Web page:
Perhaps I should have titled this post ‘Maybe I’m Just Getting Old’. When I first started to get interested in tennis (both playing and watching), pro tennis was more of a genteel game with a lot of touch, feel, strategy, thoughtfulness and natural shot making. This was back in the early to mid 1980s – Evert, Navratilova, Becker, McInroe, Wilander, Edberg. Even after Steffi Graf (admittedly my favourite female player of all time) came on the scene with her blistering forehand, there was still an element of that old school touch, feel and strategy.
Something changed however at the turn of the decade. Monica Seles’ ‘go for broke on both wings until you tear the cover off the tennis ball’ style of play was kind of a foreshadowing of things to come at the end of the decade. She was in an element all her own, for no one else played like that – until the end of 1990s with the arrival of Lindsay Davenport, Serena and Venus Williams, Jennifer Capriati and Mary Pierce – all big hitters, or as Mary Carillo called it ‘big babe tennis’. It was exciting for sure, but part of me grew tired of it and I guess I’m just a little bored by it now. 15 years of slugging and hammering the hell out of the ball is not what I call thoughtful tennis.
I thought that by 2013 the crushing style of play that is the norm in tennis today would have worn out its welcome. Alas, it is far from over. Even Roger Federer (who started out as an old throwback, but who could rip the ball with the best of them) is not immune to the effects of slash and burn tennis. At the very top of the men’s game, it seems that he has been forced into playing this type of tennis that Novak Djokovic, Rafael Nadal and Andy Murray do so well. In the end, in playing this type of slash and burn tennis, he has not seemed like the Federer that he once was when he imposed his game on his opponents. It may be because of his age, but last year at Wimbledon, even Federer (for the first time I can recall in his career) called for the trainer to work his aching back.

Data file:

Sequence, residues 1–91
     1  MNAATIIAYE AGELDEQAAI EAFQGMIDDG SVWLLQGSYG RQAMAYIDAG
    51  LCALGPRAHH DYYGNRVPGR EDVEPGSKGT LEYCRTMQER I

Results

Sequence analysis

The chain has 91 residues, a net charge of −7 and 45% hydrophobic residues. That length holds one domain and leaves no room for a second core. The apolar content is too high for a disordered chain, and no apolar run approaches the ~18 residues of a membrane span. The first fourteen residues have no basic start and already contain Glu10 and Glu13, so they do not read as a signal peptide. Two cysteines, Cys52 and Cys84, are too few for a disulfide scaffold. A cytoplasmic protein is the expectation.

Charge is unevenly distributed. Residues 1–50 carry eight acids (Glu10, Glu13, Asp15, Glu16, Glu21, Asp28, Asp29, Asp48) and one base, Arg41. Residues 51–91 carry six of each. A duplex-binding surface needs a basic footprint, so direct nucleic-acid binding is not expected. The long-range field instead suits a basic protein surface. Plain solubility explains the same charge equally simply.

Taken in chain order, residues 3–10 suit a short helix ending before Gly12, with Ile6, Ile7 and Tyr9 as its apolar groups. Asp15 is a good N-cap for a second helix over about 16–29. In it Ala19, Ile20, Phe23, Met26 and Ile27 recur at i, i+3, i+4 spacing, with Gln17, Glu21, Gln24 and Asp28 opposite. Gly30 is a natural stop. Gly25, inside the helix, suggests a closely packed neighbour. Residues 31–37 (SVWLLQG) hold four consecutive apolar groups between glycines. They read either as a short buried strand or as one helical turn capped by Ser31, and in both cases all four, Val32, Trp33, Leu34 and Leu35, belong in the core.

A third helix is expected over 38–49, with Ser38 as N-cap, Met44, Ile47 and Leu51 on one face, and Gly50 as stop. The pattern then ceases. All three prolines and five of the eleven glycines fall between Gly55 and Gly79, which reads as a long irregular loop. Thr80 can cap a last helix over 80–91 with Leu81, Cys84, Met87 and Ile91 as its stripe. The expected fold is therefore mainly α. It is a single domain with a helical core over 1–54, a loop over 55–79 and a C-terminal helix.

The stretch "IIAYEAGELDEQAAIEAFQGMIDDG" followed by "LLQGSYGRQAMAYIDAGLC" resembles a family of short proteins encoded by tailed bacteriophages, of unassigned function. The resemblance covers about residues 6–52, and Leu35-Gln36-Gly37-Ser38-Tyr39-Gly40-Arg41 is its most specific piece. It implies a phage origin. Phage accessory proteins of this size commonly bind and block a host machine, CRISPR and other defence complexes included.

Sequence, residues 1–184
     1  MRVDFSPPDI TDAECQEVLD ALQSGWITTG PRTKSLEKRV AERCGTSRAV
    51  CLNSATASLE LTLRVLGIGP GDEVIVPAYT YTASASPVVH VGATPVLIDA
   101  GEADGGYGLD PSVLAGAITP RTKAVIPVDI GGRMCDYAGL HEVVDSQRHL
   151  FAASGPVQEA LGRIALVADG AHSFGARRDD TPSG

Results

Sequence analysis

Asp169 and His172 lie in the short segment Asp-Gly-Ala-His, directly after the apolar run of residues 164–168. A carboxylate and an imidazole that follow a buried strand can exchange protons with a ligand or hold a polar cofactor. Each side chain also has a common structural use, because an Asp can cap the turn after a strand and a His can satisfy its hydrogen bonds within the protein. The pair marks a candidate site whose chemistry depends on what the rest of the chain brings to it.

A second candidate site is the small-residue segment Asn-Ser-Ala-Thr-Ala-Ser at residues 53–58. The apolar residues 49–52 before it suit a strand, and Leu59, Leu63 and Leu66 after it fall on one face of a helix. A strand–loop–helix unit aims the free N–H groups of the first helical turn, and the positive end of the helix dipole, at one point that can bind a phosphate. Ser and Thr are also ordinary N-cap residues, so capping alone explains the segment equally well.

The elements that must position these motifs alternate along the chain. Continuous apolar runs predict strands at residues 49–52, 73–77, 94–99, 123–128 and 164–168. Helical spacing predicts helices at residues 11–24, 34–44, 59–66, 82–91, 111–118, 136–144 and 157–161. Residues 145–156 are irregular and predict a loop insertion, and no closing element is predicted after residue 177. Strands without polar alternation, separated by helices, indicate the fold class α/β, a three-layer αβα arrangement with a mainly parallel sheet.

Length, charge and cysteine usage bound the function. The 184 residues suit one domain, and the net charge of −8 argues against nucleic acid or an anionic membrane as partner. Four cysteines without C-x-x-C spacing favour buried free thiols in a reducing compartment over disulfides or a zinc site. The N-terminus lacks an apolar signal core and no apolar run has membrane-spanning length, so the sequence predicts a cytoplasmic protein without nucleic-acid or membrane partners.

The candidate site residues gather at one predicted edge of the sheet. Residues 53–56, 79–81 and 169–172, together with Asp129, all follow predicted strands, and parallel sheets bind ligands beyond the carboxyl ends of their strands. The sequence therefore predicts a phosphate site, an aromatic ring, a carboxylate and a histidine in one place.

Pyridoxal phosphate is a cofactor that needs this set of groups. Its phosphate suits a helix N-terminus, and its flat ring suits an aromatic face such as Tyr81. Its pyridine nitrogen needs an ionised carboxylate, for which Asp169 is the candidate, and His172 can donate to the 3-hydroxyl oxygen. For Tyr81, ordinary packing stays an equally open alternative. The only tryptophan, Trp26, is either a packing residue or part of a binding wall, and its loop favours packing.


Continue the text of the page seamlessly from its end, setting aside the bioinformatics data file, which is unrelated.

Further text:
Is it any wonder that players are constantly calling for the trainer in the middle of matches? When I first started watching tennis, this never happened. Retiring from matches, withdrawing from tournaments, constantly injuring themselves and then taking months off of the tour – this isn’t what I remember even as far back as the 1990s. Is it any wonder Nadal’s knees are shot? How can a player like him or Djokovic even consider a lengthy career when their bodies, most importantly their arms and legs, are contorted into impossibly, unnatural positions just to pound the hell out of the ball to win a point? The human body wasn’t meant to move that way and they will (and are) pay a price for that.
On the women’s side, slash and burn tennis is just as ferocious. It’s possible that the decibel level of the shrieking has something to do with it. Again, you can thank Seles for that. Her grunting was legendary. It seems that as the grunting/shrieking gets louder, the hitting gets bigger – there’s a direct correlation between the two. Beginning in the late 1990s, as sledgehammer tennis took over the game, the vocal prowess increased – and it hasn’t stopped – it’s gotten worse. It’s no wonder there have been hindrance calls in women’s tennis during matches – the shrieking of one player goes on for so long that it ends as the other player is hitting the ball back – with another extended shriek. It’s a shriekfest out there. You have to wonder how much success Maria Sharapova or Victoria Azarenka would have if they played with their mouths shut. Their semifinal at the 2013 French Open was… I had to turn the sound down.
I don’t know when sledgehammer tennis is going to come to an end. I hope it’s soon. The players will probably be the ones who will end it because the toll it takes on their bodies will force them to end their careers. I said back in 2009 when Nadal first had knee issues that he’d be gone from the game in 5 years. I stand by that. I don’t see him playing beyond 2014. The sledgehammer tennis that he and others play will ultimately be their downfall. The generation that came before me was probably annoyed with the style of play in the 1980s and 1990s. Now entering the second decade of sledgehammer tennis, there has got to be a new wave or style on the horizon to replace it. I’m patiently waiting.
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